What is the ASCVD risk estimator?

Updated: Nov 30, 2018
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Answer

American College of Cardiology/American Heart Association Arteriosclerotic Cardiovascular Disease Risk Estimator

The American College of Cardiology (ACC)/American Heart Association(AHA) Arteriosclerotic Cardiovascular Disease (ASCVD) Risk Estimator, released in 2013, was designed to assess the risk of an initial cardiovascular event and includes participants from racially and geographically diverse cohorts such as the Framingham Heart Study (FHS), the Atherosclerosis Risk in Communities (ARIC) study, the Coronary Artery Risk Development in Young Adults (CARDIA), and the Cardiovascular Health Study (CHS).

The pooled cohort equations predict the future risk of cardiovascular disease and also stroke. The variables used were those used in the 10-year Framingham CVD score, but unlike the Framingham CVD, only hard disease endpoints were used in the calculation. [9]

The accuracy of the 2013 ACC/AHA-ASCVD was called into question very soon after its release when investigators calculated the 10-year risk of cardiovascular events in three large-scale primary prevention cohorts—the Women's Health Study (WHS), the Physicians' Health Study (PHS), and the Women's Health Initiative Observational Study (WHI-OS)—and found that the new algorithm overestimated the risk by 75-150% compared with the actual risk in all three cohorts. [10]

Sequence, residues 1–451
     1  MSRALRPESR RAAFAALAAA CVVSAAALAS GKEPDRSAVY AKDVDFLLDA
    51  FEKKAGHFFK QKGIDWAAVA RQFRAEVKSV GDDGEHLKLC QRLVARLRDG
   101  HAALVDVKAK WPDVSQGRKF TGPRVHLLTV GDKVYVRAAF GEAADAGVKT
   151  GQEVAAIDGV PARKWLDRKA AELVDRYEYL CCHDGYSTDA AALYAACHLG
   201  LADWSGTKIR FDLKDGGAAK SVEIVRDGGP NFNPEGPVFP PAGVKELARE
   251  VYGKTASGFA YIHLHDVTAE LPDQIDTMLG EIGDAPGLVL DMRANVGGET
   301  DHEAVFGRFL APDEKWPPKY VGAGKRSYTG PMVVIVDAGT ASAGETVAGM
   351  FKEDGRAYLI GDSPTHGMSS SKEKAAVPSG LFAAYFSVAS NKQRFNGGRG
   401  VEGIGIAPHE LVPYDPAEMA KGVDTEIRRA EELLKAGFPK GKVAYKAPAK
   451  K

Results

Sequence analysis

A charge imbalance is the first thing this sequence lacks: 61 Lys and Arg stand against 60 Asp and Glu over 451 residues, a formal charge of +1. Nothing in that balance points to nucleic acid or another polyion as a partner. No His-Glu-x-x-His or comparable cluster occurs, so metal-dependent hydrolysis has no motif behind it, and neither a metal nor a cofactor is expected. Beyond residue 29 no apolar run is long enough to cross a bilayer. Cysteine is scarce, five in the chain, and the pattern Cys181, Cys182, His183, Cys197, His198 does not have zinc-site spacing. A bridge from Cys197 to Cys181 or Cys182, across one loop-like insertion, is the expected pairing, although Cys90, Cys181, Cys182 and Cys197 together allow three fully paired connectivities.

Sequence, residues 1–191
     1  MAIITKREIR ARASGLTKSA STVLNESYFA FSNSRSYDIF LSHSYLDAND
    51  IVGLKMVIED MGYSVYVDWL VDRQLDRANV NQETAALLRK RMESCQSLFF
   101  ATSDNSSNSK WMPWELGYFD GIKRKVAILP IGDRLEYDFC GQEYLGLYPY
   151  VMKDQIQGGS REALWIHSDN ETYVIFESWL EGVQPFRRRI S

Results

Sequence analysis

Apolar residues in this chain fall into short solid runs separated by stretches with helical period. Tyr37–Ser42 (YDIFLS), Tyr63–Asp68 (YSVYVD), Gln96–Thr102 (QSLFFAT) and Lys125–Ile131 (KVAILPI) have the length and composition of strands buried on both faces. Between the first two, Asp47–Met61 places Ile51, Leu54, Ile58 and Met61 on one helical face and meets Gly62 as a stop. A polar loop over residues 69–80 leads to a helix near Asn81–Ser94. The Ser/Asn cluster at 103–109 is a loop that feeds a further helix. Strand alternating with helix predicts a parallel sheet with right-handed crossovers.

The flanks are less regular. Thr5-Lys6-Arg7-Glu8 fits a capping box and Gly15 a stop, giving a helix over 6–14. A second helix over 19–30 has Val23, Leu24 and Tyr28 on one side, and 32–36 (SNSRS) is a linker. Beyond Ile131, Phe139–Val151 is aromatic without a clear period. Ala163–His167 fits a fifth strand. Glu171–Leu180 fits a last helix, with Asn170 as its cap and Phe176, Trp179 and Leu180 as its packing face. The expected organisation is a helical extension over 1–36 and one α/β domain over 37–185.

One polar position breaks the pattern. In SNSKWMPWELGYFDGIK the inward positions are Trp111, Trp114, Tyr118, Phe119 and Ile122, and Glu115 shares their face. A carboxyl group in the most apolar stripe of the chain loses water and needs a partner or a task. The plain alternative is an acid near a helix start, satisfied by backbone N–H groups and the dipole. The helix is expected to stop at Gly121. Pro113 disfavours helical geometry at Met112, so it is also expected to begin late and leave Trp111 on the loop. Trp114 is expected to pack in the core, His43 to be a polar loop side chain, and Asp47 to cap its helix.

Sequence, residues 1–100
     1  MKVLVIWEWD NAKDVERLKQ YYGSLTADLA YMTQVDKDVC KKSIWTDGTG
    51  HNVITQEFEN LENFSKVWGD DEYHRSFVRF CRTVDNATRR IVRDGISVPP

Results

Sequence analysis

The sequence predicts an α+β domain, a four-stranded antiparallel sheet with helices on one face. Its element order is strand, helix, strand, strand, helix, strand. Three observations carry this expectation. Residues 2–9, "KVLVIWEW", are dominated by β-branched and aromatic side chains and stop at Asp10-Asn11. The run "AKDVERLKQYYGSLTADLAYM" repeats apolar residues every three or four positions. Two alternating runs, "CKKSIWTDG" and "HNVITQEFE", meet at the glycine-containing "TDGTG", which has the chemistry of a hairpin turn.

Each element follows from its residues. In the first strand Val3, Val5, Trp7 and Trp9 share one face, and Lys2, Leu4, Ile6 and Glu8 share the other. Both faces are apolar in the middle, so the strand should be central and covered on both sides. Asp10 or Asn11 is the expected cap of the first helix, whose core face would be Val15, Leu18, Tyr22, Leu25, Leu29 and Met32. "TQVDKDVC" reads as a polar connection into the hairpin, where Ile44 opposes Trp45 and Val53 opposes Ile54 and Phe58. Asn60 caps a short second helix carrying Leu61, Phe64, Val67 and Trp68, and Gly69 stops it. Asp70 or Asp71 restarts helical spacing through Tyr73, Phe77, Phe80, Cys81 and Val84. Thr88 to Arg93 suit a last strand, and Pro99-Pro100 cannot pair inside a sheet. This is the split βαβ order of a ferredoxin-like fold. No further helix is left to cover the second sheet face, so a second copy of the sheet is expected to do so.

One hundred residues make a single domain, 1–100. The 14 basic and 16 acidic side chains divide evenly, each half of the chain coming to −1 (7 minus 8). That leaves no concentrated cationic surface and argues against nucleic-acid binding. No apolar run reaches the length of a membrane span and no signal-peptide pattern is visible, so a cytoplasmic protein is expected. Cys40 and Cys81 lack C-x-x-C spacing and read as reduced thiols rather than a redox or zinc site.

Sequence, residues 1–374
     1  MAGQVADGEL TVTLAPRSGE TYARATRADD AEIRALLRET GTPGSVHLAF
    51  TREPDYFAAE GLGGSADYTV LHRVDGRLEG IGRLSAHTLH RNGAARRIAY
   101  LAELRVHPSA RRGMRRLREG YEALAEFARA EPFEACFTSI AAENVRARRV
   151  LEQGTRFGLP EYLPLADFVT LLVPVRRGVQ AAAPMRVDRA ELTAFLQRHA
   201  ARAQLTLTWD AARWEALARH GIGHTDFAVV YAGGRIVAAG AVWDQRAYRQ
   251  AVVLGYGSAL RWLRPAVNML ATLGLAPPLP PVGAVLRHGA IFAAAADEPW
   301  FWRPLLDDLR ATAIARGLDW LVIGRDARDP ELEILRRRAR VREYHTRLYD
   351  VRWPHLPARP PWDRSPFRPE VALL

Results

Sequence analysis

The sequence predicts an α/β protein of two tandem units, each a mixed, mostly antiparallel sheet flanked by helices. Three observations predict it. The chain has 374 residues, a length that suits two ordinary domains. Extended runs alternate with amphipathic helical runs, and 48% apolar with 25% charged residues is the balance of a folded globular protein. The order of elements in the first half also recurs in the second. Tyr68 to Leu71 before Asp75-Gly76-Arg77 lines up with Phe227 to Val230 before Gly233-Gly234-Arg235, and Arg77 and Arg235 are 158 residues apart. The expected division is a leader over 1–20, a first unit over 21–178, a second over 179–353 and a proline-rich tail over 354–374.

Other studies published in 2014 demonstrated increased risk with the ACC/AHA-ASCVD compared with older risk scores. After analysis of data from National Health and Nutrition Examination Surveys (NHANES) from 2005-2010, investigators predicted that use of the ACC/AHA-ASCVD to calculate risk would result in an increase of 12.8 million individuals eligible for statin therapy largely driven by older patients and treating individuals without cardiovascular disease. Among those aged 60 to 75 years, 87.4% of men and 53.6% of women would now be eligible for lipid-lowering medication, which is up from one-third and 21.2% respectively under the older ATP-III guidelines. [11]

Using the NCDR PINNACLE (National Cardiovascular Data Registry Practice Innovation and Clinical Excellence) data from 2008 to 2012, Maddox and colleagues calculated an increase of 32.4% in patients eligible for statin therapy with use of the ACC/AHA-ASCVD. [12]


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